4th January 2021, 11:50 | therfl
In wishing Happy New Year to Rugby League people everywhere, it’s right that we reflect on the trials, tribulations and too many tragic losses of 2020. But first, I want to look forward – to a year when we are determined at the RFL to be relentless in our support of International Rugby League.
Our home World Cup takes on even greater significance. RLWC2021 is the nation’s biggest celebration of international sport. A huge opportunity to showcase Rugby League to the country and the world, and to invite sports fans and event-goers to join the Rugby League community in a shared experience; getting behind our outstanding England Men, England Women, and England Wheelchair RL players - and the exciting new England Lions PDRL team - and welcoming so many other nations to England.
The Sports Minister has consistently referenced RLWC2021 as ‘something for the whole country to look forward to’. He’s absolutely right - and it’s never been so important for families and friends to have a calendar of events to get excited about. After an incredibly stressful period for our sport, its communities and the nation, this event will give us a chance to celebrate.
RLWC2021 has been made possible by £25m Government support, £10m of which is already helping to improve and grow our sport’s grassroots facilities with grants large and small.
Every £1 invested is matched by additional funding – an amplifying effect which is genuinely transformative.
Already over £10m has been invested in creating more welcoming and inclusive environments in which to play Rugby League. From Warrington to Wath Brow, from Stanningley to Shevington, and not forgetting the further growth of Wheelchair RL through the funding of chairs and other equipment for teams from Hull to Wakefield - supporting new players who may be our England stars of the future.
In 2020, International Rugby League took a back seat, for obvious and unavoidable reasons. We had to cancel an Ashes series which we’d all been anticipating with such relish – not least Shaun Wane! – and there was similar frustration for our Women and Wheelchair squads.
The work to deliver a full International calendar for fans across the world, and realise the potential shown by the 2013 and 2017 World Cups, is the responsibility of all IRL members - and must be our shared focus in this World Cup year. Now, more than ever, it requires our energy and focus as it should be seen as the keystone which globally unites our sport and promotes its opportunity to grow more than any other platform.
Reflecting on 2020, it’s been a year where we’ve had to look closer to home. Rugby League takes its responsibility to its communities seriously - in so many ways, it’s more than a sport. Rugby League rolls up its sleeves and gets on with caring for people, sharing with others; campaigning, and standing up for communities that are often left behind.
Rugby League’s social impact has been in evidence throughout the ongoing Covid crisis. The addition to the Rugby League Dividend Report, with a foreword from Judith Cummins MP (Chair, the All Party Group on RL) captures some of the incredible ways that clubs large and small, Foundations, the sport’s charities, and selfless individuals provided and continue to provide much needed practical help, encouragement and care to thousands of people.
This determination, and the difference it makes, was recognised and praised throughout 2020 by MPs, Ministers and the sport’s Patron, the Duke of Sussex.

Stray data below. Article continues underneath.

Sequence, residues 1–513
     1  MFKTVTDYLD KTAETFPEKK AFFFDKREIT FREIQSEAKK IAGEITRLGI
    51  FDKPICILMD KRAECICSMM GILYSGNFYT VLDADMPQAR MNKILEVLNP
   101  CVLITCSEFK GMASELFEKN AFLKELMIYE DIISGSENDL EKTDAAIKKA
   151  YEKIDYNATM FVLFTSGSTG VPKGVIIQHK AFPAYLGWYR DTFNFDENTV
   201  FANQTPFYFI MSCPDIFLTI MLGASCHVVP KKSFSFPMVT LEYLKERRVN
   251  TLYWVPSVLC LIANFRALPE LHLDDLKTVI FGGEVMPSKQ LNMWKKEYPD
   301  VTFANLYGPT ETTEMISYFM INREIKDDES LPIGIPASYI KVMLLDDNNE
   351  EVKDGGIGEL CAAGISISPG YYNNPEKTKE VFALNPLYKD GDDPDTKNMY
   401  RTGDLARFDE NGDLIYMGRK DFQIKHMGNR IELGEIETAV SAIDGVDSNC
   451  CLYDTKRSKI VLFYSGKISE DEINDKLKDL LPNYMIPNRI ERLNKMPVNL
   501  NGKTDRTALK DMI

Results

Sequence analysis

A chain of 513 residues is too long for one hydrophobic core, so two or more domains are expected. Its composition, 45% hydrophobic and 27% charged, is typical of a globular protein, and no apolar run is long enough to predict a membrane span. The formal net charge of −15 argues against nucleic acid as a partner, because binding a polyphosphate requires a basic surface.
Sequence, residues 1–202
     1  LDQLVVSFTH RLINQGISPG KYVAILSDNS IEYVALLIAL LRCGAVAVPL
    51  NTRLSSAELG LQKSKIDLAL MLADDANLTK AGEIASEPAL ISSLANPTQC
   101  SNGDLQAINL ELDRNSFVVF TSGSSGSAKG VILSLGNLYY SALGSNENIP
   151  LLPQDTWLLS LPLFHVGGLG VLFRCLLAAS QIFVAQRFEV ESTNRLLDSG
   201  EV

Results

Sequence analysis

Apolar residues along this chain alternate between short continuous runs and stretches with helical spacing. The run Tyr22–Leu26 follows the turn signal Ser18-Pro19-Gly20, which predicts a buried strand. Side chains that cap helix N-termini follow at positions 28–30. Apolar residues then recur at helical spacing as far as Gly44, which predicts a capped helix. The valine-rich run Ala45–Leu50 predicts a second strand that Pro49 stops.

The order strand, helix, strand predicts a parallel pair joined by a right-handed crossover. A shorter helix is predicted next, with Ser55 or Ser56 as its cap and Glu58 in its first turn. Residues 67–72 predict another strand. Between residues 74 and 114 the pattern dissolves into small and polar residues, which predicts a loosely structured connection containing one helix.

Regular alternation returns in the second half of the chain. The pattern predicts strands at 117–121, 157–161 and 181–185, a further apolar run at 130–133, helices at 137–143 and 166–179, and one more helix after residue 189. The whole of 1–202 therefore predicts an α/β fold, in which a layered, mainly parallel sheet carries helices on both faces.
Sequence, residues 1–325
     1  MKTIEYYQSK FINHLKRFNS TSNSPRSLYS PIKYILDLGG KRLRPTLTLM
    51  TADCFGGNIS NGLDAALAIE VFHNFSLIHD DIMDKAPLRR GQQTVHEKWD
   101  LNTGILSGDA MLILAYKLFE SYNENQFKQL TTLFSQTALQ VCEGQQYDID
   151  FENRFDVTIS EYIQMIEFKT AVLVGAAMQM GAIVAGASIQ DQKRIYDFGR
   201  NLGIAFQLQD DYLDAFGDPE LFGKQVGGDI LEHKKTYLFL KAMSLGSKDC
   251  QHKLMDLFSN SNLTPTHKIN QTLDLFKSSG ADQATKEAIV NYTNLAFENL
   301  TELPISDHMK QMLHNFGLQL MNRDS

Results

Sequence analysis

Everyone in the sport has seen Rob Burrow MBE as the embodiment of courage, determination and selflessness – and now, through the support of both the BBC and Sky as well as the print media, the wider world does too. Rob and his family are the very best of Rugby League - as are Kevin Sinfield MBE and all the players, coaches, volunteers and fans who have raised so much money for and awareness of MND.
The In Memoriam compilation, initially to share with December’s virtual meeting of the Rugby Football League Council and then posted on our website over the Christmas period, was a poignant reminder of the number of Rugby League people we lost in 2020, to Covid-19 and other causes – and even since that was produced, others have passed who have played key roles in the game, such as the Barrow stalwart Raymond Wallace, the former Workington chairman Kevan Gorge, and two legends of the Community game in Rocky Whitehead and Jocky Wilson. The Blackbrook club are also mourning the loss of Jordan Welsby, a talented young player. On behalf of the RFL, my deep condolences to the many families and friends who have endured such pain.
As the new year begins, and we start to look forward to the return of all levels of Rugby League in the Spring, we also acknowledge that the challenges haven’t ended with the old year. The long tail of this period of economic and social shock and disruption caused by Covid-19 (and the prior disruption within the sport itself) will extend for several years.
Arguably, the pandemic has accelerated a number of inevitable issues and questions in the sport. As in 2020, we intend to meet these challenges head-on with energy and invention coupled with the continuing support of the Government. This close partnership has been a very positive outcome from 2020.
This presents an opportunity now to set new ambitions for how we look, how we work with all as part of a solution. As we have all seen with public health announcements, projecting too far into the future in fast-changing conditions can quickly make any plans obsolete. However we are focused on shared opportunity, rebuilding, and reshaping; and continuing to ensure that our sport remains recognised as fundamental to our communities and the national sporting landscape. There is now an opportunity to be bolder and more visionary – to meet the scale of the challenge and the opportunity - together.